Route of the squares

Itinerario
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The Piazze
Starting-point: Piazza dei Signori (position on map: 18)
We start from one of Padua’s historic city squares, which are known locally simply as le piazze. Lined with porticoed arcades, this square is, during weekdays, home to a bustling market, and on warm evenings a lively meeting-point for those having their aperitivo. With the Clock Tower behind you, if you look right you see the unmistakable Loggia della Gran Guardia, and following along that side of the piazza you then enter the street which runs by the side of the Church of San Clemente up to the east side of the Palazzo della Ragione. The full magnificence of this structure then becomes visible when you turn right into Piazza delle Erbe (map: 16). Since the Middle Ages, this has been home every morning to a fruit and vegetable market, and the stall-holders are still very vocal in promoting their wares. In winter time, for example, “Treviso, Chioggia, Verona and Castelfranco!” may sound like a list of town names but is the range of varieties of red radicchio on offer.
Within Padua, the Palazzo della Ragione (map: 15) is known simply as Il Salone – just as the Basilica of St. Anthony or Palazzo del Bò (which houses the university) are known simply as Il Santo and Il Bò. The spaces within the arcades underneath the vast raised Salone are also occupied by shops and stalls. In fact, there have been market stalls in these arcades since the end of the sixteenth century, and the quality of the produce on offer makes a visit here a must for all those who appreciate good food.

The Listòn
Coming out on the other side of Palazzo della Ragione, you are in Piazza della Frutta (map:17), which is home to another open-air market. Then, turning right into Via Oberdan, you come into the Listòn, an area for strolling and shopping (the name comes from the large marble slabs – listoni – used to pave it). To your right as you emerge into the Listòn is the Palazzo degli Anziani [Elders’ Palace], which is the oldest part of the complex of buildings that make up City Hall: built in 1285 and then enlarged in 1523, it has a portico decorated with the crests of various podestà [city governors]. The Tower that rises above the building was built in 1296 and originally stood somewhat taller (it was lowered in 1939): as the frescoes in the Chapel of the Blessed Luca Belludi in the Basilica of St. Anthony demonstrate, a large number of the palazzi in medieval and Renaissance Padua had defensive towers. Continuing to the right, you come to Palazzo Moroni (map: 13), the core of the City Hall, which stands directly opposite Palazzo del Bò, the historic seat of Padua University. If, however, you turn left instead of right, you see the famous “café without doors”: Caffè Pedrocchi (map 14). This has played a major part in the life of the city, and it is well worth pausing here for a drink and snack. After all, this is one of the few historic cafés that has preserved its interiors.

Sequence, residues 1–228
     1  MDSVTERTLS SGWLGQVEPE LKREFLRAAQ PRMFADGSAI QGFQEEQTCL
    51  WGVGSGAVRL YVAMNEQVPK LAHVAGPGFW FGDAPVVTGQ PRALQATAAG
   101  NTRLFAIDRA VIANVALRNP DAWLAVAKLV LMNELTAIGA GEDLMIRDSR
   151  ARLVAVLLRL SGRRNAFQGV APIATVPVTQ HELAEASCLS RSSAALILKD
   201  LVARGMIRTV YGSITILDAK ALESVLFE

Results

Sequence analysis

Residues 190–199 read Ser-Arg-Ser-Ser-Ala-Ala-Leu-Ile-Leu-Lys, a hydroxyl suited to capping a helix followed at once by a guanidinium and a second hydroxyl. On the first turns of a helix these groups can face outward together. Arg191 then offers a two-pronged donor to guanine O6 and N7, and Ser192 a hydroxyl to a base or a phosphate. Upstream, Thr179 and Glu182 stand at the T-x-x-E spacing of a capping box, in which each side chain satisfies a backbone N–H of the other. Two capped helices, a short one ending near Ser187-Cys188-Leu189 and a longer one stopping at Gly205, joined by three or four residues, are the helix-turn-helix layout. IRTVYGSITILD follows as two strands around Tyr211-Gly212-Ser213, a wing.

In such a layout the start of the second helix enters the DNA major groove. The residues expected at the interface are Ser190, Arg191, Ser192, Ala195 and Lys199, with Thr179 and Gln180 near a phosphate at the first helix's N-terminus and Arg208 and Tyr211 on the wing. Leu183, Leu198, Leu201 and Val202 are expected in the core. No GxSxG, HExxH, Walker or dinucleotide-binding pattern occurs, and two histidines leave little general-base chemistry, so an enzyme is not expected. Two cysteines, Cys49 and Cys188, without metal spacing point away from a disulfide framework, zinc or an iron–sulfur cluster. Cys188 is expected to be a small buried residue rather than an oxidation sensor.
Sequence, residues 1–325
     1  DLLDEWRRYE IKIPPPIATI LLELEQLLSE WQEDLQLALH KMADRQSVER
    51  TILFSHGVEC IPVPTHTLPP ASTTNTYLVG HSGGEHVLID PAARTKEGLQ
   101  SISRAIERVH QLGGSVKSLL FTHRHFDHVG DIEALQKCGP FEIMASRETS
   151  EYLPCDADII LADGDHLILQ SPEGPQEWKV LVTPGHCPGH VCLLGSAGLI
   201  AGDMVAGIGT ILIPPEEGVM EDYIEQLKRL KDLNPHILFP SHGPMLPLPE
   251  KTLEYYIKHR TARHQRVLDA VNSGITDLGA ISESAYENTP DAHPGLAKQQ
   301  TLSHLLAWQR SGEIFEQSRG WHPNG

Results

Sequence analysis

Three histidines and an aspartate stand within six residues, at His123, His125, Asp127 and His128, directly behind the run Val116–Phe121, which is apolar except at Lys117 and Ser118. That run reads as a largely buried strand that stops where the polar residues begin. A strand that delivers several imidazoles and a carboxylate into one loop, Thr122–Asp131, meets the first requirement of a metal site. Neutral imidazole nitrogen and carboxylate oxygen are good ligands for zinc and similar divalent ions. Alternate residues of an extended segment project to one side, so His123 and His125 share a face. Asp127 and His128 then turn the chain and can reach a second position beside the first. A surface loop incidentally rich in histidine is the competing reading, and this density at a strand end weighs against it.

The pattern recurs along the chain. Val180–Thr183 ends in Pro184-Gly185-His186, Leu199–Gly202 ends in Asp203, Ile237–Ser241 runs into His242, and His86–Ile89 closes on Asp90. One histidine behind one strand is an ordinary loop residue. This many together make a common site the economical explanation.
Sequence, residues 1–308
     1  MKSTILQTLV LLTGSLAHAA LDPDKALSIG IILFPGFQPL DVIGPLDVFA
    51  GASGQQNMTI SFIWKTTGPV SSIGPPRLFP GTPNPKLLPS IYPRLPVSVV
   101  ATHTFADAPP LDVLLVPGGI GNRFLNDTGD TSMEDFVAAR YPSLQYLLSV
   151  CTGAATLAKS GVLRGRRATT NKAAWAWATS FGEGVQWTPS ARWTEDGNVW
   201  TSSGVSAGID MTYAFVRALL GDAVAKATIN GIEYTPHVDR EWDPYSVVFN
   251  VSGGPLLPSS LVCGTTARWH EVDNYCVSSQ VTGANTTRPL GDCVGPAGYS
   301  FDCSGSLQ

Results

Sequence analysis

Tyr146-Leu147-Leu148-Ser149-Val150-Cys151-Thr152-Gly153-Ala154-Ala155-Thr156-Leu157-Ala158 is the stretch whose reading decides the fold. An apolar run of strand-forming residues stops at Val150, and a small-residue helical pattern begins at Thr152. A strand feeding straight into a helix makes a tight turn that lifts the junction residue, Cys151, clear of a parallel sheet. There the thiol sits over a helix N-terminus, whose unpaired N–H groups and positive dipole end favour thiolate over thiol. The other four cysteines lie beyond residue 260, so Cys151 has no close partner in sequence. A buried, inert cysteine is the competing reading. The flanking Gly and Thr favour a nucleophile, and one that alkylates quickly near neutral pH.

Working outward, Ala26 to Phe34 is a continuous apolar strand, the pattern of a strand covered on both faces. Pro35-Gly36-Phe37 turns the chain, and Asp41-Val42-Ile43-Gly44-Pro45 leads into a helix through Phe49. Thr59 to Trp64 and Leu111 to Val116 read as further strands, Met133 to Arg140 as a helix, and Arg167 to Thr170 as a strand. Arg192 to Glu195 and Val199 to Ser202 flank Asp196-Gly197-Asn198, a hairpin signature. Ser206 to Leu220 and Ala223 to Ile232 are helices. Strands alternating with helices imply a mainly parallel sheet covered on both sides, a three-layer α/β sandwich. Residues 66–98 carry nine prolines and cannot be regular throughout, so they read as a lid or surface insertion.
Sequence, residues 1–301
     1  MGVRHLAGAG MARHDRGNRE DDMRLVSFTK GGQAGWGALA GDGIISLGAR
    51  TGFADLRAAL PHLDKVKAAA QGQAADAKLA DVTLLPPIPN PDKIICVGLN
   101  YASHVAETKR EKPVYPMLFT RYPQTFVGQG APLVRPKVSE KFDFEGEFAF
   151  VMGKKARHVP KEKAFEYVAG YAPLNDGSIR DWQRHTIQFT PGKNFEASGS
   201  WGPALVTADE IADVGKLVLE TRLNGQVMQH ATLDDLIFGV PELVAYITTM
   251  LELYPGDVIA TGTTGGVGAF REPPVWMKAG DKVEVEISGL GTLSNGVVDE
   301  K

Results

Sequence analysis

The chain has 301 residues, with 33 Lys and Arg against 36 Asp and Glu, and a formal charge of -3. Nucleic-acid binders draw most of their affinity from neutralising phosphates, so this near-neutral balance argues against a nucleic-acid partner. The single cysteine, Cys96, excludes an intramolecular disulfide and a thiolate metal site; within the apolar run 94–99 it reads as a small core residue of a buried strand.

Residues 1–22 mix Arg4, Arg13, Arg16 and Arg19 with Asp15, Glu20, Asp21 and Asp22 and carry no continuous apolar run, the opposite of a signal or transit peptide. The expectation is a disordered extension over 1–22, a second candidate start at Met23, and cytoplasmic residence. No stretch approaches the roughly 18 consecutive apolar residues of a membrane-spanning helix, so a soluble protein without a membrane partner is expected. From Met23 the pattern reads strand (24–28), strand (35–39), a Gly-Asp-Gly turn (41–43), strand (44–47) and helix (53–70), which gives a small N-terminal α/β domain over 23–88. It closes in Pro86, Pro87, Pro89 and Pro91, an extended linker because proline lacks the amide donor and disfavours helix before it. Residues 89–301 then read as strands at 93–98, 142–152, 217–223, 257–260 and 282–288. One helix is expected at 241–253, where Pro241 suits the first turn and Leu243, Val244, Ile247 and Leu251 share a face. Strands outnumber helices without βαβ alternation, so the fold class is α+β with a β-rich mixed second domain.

If you now continue leftwards down the Listòn, on the right you soon see Piazza Cavour, home to the Galleria Civica (map: 13. For information on the exhibitions at Galleria Civica, call the offices of the Musei Civici – 049-8204508 – or look at the “events” section of this website). On the opposite side of the Listòn to Piazza Cavour is the opening to Via Sant’Andrea, which leads to the church from which it takes its name. Here stands the so-called Colonna della Gatta [Cat’s Column], with one of famous sculptures of cats (gatte) to be found at different points around the city. There are various stories to explain their origins. One tradition has it that they were intended to mock the Venetians’ obsession with marking their military victories by erecting statues of lions all over the place.